Pastor Returns to Pulpit After Losing Daughter in Nashville School Shooting

(Screenshot Covenant Presbyterian YouTube Page)

It has been two months since the tragic shooting at the Covenant School in Nashville, Tennessee.

Pastor Chad Scruggs, Senior Pastor at Covenant Presbyterian Church, lost his daughter Hallie in the shooting that claimed the lives of two other 9-year-old students, Evelyn Dieckhaus and William Kinney, along with three staff members of the school: Mike Hill, Katherine Koonce and Cynthia Peak.

The shooter, former student and trans-identified activist Audrey Hale, was killed by responding law enforcement officers during the attack on March 27.

On Mother's Day, May 14, Pastor Scruggs took to the pulpit for the first time since losing Hallie and answered the question he and his family have been asked the most: How are you doing in the aftermath of this tragedy?

"The answer you'll typically get for us from us is, 'we don't know,'" Scruggs said. "It's not a bad question, [we] just don't know how to answer it yet—don't know how to judge what doing well is or doing not well.

"We're kind of searching for a new baseline in life right now," he adds.

Even in his grief, Pastor Scruggs spoke love over the congregation at the beginning of his sermon.

"First of all, we love you," says Scruggs. ""We loved you before March 27th and we love you more now because of how you've loved us, so ... we love you."

Scruggs then addressed what life was like after losing someone so precious to a family that it is akin to losing a piece of oneself.

"'How are you doing?' Well, we're learning to live with a part of us missing—like losing an arm, perhaps—knowing that the phantom pain of that lost arm will always be there with us," explains Scruggs.

"Just know that, from our perspective now, it feels impossible to ever pretend the arm will regenerate or that it will ever feel whole this side of heaven," he continues. "So, I'd say we're learning to live with sadness and I would tell you that that's OK—you can do that—learning to live with sadness."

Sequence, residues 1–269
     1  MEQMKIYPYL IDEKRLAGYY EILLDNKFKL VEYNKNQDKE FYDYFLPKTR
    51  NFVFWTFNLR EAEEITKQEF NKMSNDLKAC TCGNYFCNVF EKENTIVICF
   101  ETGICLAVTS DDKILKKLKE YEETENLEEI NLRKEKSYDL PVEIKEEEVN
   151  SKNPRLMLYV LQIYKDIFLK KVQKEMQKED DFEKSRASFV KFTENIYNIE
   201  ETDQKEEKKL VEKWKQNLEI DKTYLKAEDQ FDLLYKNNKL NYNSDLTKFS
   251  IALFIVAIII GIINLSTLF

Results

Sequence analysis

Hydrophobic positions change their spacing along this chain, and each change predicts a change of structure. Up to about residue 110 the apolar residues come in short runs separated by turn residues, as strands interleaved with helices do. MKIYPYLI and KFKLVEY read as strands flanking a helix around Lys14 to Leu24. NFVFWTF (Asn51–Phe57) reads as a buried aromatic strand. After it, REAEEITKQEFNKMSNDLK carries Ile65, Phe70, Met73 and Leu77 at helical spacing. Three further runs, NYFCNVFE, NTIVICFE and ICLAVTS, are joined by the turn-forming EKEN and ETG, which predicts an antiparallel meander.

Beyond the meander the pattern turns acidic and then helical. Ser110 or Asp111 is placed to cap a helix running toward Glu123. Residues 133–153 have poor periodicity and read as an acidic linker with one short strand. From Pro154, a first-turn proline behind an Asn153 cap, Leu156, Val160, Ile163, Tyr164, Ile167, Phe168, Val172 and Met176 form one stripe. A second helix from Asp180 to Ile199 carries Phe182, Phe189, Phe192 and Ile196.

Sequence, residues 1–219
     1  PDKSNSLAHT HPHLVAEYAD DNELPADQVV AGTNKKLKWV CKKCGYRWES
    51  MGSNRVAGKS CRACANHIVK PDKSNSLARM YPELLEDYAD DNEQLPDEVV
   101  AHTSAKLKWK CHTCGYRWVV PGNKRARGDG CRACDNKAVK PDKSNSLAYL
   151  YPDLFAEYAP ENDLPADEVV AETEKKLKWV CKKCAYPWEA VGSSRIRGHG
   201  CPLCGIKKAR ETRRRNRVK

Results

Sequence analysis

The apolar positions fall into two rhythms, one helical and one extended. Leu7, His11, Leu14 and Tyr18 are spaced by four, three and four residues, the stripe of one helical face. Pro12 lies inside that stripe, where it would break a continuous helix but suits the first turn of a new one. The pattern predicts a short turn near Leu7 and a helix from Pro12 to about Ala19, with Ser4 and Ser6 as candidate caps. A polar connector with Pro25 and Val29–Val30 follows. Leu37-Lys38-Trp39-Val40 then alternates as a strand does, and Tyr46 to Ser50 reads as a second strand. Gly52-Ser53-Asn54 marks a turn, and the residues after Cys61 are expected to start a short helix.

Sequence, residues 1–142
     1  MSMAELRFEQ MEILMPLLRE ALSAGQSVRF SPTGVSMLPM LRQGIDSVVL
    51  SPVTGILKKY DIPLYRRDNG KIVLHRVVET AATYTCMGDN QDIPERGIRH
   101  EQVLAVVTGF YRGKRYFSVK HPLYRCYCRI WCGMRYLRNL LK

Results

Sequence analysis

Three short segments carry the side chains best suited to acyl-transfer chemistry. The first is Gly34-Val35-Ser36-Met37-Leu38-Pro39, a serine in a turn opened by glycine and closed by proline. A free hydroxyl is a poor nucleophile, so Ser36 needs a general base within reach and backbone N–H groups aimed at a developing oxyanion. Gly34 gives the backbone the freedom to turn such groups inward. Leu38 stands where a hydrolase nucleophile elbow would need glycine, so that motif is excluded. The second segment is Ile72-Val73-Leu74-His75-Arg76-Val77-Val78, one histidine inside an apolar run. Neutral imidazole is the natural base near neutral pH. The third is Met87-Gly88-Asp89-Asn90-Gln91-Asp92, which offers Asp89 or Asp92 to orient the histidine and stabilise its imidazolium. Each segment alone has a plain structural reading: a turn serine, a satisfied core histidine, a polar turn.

Scruggs explained that his family was living out Isaiah 40:28-31, which reads:

"Have you not known? Have you not heard? The Lord is the everlasting God, the Creator of the ends of the earth. He does not faint or grow weary; His understanding is unsearchable. He gives power to the faint, and to him who has no might He increases strength. Even youths shall faint and be weary, and young men shall fall exhausted; but they who wait for the Lord shall renew their strength; they shall mount up with wings like eagles; they shall run and not be weary; they shall walk and not faint.

"At this point," he said, "[we're] not yet soaring on wings like eagles, not running without weariness, but that third category, somewhere, trying to walk without fainting."

Grief is no respecter of persons, as all Christians can expect to encounter it at some point in their life.

Pastor Bill Johnson of Bethel Church in Redding, California, shared his personal story of grief when his wife of 49 years, Benni, died from a long battle with cancer on July 13, of 2022.

Johnson shared invaluable, Spirit-inspired wisdom from the depths of his grief that he felt led to share with people around the world to help them during their times of sorrow.

"Pretending all is well when it isn't doesn't help. I must anchor my soul to who He is and what He has promised. Otherwise, I will spend my days wandering without a sense of purpose, never settling into why I am alive. Who He is remains the foundation of my life," Johnson wrote in Charisma magazine.

"Pain, loss and disappointment are unavoidable in this life. If that weren't true, there would be no reason for verses such as, 'God causes all things to work together for good to those who love God, to those who are called according to His purpose' (Rom. 8:28, NASB). This beautiful promise helps us to see that the master chef is able to take the worst parts of our lives and work them into a recipe, creating a masterpiece that illustrates His goodness."

James Lasher is Staff Writer for Charisma Media.

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